A Tea That Helps With Fibromyalgia, Hashimoto’s, Rheumatoid Arthritis, Lupus and Multiple Sclerosis
Thyme is a common herb that is regularly used to season fish and meat, but a tea made from the leaves of this plant can be surprisingly beneficial. This herb was used by the ancient Romans, Greeks, and Egyptians as a medicine, and modern science has shown that the ancients were right to use thyme as a medical treatment. Research into the health advantages of thyme tea has shown that it can lessen symptoms for people with fibromyalgia, Hashimoto’s disease, rheumatoid arthritis, lupus, and multiple sclerosis.
Fibromyalgia is a disorder that causes widespread pain in the muscles and skeleton, constant exhaustion, mood swings, and difficulty remembering things. It seems to be caused by a combination of genetics, physical trauma, and infections, which result in the brain having an abnormally high response to pain signals from the nerves. Thyme’s ability to reduce fibromyalgia risks is due to its powerful antimicrobial properties. Thyme has high levels of thymol, a chemical compound that fights off bacteria and infections. According to a 2011 Polish study published in the Journal of Medicinal Chemistry, thyme can even fight off dangerous bacteria such as staphylococcus. When thyme tea fights off bacteria, it is preventing infections that could otherwise cause or worsen fibromyalgia.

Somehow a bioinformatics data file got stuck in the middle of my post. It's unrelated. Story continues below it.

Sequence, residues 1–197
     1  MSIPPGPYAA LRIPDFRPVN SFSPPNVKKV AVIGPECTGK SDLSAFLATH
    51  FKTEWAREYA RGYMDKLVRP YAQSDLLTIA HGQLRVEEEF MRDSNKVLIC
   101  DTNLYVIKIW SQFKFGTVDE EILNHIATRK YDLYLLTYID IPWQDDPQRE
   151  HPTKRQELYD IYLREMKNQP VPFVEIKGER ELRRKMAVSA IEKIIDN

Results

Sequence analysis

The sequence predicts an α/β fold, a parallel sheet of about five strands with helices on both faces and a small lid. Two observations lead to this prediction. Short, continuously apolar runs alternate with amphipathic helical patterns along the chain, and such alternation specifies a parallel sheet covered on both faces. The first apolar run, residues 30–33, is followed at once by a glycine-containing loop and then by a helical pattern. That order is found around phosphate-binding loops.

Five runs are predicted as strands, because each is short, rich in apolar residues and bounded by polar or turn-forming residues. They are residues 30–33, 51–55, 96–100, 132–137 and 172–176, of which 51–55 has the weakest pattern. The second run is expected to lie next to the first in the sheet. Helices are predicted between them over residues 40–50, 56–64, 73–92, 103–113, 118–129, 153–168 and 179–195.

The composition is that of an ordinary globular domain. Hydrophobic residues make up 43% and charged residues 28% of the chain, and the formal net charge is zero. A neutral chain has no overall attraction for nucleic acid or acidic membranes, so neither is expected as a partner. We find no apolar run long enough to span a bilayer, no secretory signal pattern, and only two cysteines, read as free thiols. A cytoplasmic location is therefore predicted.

Hashimoto’s is a disease that happens when the immune system overreacts and begins to attack the thyroid gland. When the thyroid is not working properly, people experience fatigue, weight gain, muscle aches, joint pain, stiff joints, and even depression. Many scientists believe that the overreaction of the immune system happens when a virus or bacteria triggers the immune system to produce antibodies that hurt the thyroid. The antimicrobial properties of thyme tea can therefore be very beneficial, because it helps the immune system to fight off bad bacteria instead of focusing on the innocent thyroid
Rheumatoid arthritis is an inflammatory condition that causes damage to the joints, skin, eyes, heart, and blood vessels.
It happens when the immune system gets confused and accidentally attacks the tissues of the joints and other parts of the body. Environmental factors, such as smoking or exposure to silica dust, can cause rheumatoid arthritis, and women over the age of 40 are more likely to develop the inflammation that causes condition. A natural compound found in thyme, carvacrol, was shown to suppress inflammation in a 2010 study published in The Journal of Lipid Research, so ingesting carvacrol through thyme tea can halt the inflammation that damages joints when a person has rheumatoid arthritis.